And as for the Non-Aligned Movement, whose summit Modi skipped in a calculated downgrading of NAM, not one member has had a word of condemnation for Pakistan. Indeed, Iran, till recently chair of NAM, arranged for their President, Hassan Rouhani, to meet Nawaz Sharif in New York on 21 September, three days after Uri and the morning after Sharif's thundering denunciation of India at the UN, and "lauded PM Nawaz's vision" in translating the China-Pakistan Economic Corridor - Modi's bugbear - "into reality", describing it as "vital to the progress of the region" and seeking admission to it. Then Rouhani delivered himself of a string of poetic aphorisms: "Pakistan's security and progress is the security and progress of Iran"; "development of any part of Pakistan is the development of a part of Iran"; "borders of the two countries are border of security and friendship". Iran's Chahbahar port, that India sees as its gift to Iran, and as an alternative to CPEC, lies in Iran's Sistan-Baluchestan province. Why would Iran support Modi on a demand that Chahbahar (or Gwadar) be handed over to the Bugtis and the Marris?

Riaz Haq said...

#Russian Commandos Join #Pakistan in Rare Military Drill. #Russia #Military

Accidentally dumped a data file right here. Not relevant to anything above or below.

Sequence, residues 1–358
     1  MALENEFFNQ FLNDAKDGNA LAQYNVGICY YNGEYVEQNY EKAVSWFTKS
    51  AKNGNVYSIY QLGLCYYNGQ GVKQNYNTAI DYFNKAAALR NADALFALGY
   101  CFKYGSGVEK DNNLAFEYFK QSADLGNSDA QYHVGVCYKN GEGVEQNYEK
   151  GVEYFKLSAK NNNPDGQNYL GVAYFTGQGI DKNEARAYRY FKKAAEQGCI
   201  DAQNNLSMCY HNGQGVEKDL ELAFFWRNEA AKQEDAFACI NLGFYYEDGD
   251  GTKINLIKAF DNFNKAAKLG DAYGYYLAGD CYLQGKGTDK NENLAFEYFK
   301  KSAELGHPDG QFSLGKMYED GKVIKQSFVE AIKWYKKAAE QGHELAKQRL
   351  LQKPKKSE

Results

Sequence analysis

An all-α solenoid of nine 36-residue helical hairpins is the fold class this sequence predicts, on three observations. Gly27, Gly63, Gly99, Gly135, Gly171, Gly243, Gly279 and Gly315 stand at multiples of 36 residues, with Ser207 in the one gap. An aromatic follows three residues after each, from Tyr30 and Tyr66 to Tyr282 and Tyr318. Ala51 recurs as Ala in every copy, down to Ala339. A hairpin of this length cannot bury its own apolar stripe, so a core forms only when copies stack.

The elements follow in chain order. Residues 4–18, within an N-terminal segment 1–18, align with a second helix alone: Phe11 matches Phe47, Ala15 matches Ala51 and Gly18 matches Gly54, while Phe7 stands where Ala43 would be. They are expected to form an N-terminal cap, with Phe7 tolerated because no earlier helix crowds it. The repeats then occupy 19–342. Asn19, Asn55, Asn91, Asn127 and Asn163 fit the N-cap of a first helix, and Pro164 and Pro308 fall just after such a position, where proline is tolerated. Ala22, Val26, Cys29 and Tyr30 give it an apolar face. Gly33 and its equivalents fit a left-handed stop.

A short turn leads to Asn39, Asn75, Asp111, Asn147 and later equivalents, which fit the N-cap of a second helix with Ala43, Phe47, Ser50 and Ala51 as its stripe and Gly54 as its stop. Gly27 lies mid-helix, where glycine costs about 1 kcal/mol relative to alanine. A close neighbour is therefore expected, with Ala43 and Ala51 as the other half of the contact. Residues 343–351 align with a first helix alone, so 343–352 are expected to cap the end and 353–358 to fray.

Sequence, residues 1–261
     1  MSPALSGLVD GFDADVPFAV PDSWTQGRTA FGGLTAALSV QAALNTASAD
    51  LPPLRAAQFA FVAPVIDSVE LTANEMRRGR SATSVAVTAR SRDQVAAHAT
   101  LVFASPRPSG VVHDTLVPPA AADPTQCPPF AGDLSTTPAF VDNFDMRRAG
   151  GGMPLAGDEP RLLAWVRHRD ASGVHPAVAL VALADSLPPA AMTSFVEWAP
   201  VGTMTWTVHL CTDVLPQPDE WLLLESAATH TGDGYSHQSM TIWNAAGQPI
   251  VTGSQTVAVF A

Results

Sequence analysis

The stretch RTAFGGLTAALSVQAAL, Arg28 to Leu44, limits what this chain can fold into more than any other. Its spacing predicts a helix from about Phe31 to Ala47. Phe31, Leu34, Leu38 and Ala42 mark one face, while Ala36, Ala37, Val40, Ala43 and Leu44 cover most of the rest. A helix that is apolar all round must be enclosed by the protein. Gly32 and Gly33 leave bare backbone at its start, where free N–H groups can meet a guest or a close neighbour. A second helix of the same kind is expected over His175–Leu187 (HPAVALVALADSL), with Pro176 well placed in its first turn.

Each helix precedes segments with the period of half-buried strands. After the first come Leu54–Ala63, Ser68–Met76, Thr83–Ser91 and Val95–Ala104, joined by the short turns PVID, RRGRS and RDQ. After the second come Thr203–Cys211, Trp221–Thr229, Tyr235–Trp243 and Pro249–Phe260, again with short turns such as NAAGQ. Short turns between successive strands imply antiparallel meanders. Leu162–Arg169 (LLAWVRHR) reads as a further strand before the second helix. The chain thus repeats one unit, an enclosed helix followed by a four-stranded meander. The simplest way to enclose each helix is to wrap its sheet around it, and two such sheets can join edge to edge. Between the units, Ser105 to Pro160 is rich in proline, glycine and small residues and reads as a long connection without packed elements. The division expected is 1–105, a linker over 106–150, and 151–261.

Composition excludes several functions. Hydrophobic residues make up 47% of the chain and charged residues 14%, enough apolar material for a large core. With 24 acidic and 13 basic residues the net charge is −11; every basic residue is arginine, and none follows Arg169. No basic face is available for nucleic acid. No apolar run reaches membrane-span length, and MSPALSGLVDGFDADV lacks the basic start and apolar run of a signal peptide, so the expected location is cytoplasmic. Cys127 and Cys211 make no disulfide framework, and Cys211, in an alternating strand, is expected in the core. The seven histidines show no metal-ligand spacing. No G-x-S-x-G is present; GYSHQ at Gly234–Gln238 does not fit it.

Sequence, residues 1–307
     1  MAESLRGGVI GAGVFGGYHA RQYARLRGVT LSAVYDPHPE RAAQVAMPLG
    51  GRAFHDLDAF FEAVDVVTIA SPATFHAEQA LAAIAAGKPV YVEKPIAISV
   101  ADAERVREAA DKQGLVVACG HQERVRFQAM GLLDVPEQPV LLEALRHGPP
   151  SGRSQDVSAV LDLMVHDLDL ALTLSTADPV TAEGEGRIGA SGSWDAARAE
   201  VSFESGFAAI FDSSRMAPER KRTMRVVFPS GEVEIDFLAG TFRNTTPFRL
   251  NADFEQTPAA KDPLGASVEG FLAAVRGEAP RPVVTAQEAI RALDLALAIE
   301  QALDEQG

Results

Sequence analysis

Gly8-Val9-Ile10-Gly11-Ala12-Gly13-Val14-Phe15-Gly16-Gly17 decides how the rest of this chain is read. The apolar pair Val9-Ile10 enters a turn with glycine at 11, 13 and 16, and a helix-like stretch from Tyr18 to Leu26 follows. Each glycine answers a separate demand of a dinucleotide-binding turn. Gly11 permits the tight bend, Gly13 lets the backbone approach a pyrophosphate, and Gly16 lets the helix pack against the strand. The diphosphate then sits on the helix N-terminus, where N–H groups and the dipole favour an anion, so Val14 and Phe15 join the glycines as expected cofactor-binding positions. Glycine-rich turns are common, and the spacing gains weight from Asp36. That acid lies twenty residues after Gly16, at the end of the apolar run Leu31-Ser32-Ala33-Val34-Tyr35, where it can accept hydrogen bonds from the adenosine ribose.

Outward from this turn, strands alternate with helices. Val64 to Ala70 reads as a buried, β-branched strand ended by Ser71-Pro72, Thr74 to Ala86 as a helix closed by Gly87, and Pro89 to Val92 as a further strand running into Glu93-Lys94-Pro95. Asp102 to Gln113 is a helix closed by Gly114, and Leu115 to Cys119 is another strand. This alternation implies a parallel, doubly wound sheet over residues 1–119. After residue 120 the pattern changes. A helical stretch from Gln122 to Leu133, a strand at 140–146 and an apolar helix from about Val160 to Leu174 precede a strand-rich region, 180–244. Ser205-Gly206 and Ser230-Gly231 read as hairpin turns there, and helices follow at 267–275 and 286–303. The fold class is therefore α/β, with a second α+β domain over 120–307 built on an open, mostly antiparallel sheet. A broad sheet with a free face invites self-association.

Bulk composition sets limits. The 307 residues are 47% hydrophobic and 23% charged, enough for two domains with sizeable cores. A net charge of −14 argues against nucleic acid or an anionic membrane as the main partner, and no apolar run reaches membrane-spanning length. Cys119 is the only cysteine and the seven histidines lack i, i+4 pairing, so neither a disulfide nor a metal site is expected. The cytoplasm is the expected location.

More than 70 Russian army commandos have arrived in Pakistan to participate in the first-ever joint military exercises between the two countries, officials announced Friday.

A Pakistani army spokesman said the two-week-long drill is scheduled to begin on Saturday and conclude on October 10.

The exercises, called “Friendship 2016,” will involve around 200 military personnel of both the countries and take place in Cherat, a security official told VOA.

The northwestern mountainous region is the headquarters of the Pakistani commando forces, or Special Services Group. The drills are expected to focus on "high altitude warfare."

India, which enjoys close ties with Russia, had conveyed its concerns to Moscow that part of the military exercises will be conducted in the northern region of Gilgit-Baltistan, which is part of the divided region of Kashmir, where Indian and Pakistani troops face off along mountain peaks on the Line of Control.

Russian officials, however, are reported as saying they have informed New Delhi the drill will be conducted far from the disputed territories.

The joint exercises are yet another sign of warming of ties between Islamabad and Moscow.

“This [military drill] obviously indicates a desire on both sides to broaden defense and military-technical cooperation,” Pakistan's ambassador to Moscow, Qazi Khalilullah, told Russia’s TASS news agency.

Both of the countries were on opposing sides during the Cold War era. Russia severed all ties with Pakistan because of Pakistan's involvement in the U.S.-funded Afghan insurgency against the Soviet occupation of Afghanistan in the 1980s.

The two countries are now trying to overcome those tensions and signed a military cooperation agreement in 2014, lifting a years-long ban on the sale of Russian arms to Pakistan. It also paved the way for concluding another deal for the sale of four Russian Mi-35M attack helicopters to Pakistan.